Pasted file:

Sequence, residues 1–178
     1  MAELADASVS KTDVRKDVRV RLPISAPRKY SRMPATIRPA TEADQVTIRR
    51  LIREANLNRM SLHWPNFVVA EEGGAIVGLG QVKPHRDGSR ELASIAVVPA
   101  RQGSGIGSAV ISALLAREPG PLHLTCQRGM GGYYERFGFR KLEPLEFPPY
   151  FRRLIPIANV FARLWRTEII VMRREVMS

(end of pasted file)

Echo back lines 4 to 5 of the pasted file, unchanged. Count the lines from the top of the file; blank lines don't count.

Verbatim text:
   101  RQGSGIGSAV ISALLAREPG PLHLTCQRGM GGYYERFGFR KLEPLEFPPY
   151  FRRLIPIANV FARLWRTEII VMRREVMS